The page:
Isoflavones, lignans linked to reduced risk of endometrial cancer

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Related tags: Endometrial cancer, Estrogen, Menopause

Women whose diet includes the phytoestrogens isoflavones and
lignans could be at reduced risk of endometrial cancer, the fifth
most common cancer among women worldwide, report researchers.

Women who include the natural oestrogens isoflavones and lignans in their diet could be at reduced risk of endometrial cancer, the fifth most common cancer among women worldwide, report researchers.

The development of endometrial cancer is related to prolonged exposure to oestrogens without cyclic exposure to progesterone. Phytoestrogens, or oestrogens derived from plant foods such as soy, can remedy this balance and appear to reduce the risk of the cancer which causes between 4000 - 5000 deaths in the US each year, shows the study in today's issue of the Journal of the National Cancer Institute​.

Dr Pamela L. Horn-Ross and colleagues from the Northern California Cancer Center in Union City, US evaluated the associations between dietary intake of seven specific compounds representing three classes of phytoestrogens (isoflavones, coumestans, and lignans) and the risk of endometrial cancer in a case-control study of women aged 35 to 79 in the San Francisco area.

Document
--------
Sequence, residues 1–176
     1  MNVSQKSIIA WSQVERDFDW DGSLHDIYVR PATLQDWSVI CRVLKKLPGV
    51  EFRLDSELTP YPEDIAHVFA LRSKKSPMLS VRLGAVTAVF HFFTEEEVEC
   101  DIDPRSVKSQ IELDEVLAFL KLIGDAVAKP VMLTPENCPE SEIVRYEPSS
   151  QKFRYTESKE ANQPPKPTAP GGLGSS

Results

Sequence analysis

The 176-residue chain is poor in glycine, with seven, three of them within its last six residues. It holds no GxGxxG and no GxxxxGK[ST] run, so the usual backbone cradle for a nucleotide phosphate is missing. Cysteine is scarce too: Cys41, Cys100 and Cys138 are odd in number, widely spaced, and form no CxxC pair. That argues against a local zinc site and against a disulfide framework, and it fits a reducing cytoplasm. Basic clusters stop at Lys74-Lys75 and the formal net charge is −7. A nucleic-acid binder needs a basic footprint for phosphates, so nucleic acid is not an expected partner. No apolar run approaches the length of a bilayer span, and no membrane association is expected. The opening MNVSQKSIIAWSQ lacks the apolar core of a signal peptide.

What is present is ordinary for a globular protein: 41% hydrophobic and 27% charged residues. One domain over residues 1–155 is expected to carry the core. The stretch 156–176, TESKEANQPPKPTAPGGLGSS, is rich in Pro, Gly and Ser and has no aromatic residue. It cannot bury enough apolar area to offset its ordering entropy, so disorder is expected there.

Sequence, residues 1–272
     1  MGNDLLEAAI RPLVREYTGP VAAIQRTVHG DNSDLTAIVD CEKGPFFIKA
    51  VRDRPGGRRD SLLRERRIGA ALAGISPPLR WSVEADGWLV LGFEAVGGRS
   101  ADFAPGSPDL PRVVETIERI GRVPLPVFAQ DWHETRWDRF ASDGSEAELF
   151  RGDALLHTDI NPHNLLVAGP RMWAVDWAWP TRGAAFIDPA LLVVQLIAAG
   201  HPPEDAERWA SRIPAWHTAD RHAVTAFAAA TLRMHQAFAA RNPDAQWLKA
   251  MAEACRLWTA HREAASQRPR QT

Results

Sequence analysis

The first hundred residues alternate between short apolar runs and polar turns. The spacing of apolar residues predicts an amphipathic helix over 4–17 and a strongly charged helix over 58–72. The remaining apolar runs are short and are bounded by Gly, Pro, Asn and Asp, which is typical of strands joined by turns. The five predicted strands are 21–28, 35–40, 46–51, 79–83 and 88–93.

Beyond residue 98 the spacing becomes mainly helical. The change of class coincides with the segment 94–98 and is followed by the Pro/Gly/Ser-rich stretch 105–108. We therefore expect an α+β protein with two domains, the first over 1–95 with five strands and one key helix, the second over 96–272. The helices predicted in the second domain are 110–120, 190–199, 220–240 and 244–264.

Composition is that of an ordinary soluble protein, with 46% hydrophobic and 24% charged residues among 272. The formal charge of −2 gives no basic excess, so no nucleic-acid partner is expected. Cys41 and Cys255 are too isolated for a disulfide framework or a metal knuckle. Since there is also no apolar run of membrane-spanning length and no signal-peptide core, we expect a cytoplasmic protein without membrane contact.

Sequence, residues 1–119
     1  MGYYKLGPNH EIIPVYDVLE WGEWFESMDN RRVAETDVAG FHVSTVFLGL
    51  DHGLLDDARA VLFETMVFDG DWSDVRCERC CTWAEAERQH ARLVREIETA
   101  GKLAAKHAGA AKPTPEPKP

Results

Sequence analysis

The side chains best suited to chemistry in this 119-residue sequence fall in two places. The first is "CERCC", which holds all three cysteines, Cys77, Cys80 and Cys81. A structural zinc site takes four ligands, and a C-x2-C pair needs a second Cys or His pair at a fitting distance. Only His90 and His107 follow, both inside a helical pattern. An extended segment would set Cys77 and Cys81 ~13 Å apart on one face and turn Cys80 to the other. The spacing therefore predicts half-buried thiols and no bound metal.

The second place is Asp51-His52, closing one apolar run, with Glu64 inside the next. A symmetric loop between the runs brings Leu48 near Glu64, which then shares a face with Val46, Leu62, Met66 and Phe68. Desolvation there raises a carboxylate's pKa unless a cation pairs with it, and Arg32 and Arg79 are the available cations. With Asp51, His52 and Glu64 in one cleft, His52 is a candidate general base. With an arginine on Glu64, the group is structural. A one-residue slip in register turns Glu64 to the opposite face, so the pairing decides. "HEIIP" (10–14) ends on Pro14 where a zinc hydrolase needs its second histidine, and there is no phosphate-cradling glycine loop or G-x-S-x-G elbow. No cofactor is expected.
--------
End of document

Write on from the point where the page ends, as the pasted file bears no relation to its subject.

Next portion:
Consumption of isoflavones and lignans, but not coumestans, was associated with a reduced risk of endometrial cancer, particularly among postmenopausal women. Obese postmenopausal women consuming relatively low amounts of phytoestrogens had the highest risk of endometrial cancer; however, the interaction between obesity and phytoestrogen intake was not statistically significant, reported the team.

"Some phytoestrogenic compounds, at the levels consumed in the typical American-style diet, are associated with reduced risk of endometrial cancer,"​ they write. Soy-rich diets have previously been shown to reduce the risk of breast cancer in women.

Phytoestrogens are found in soy-based foods, but also in foods with added soy (such as white bread), and in lower amounts in coffee and orange juice.

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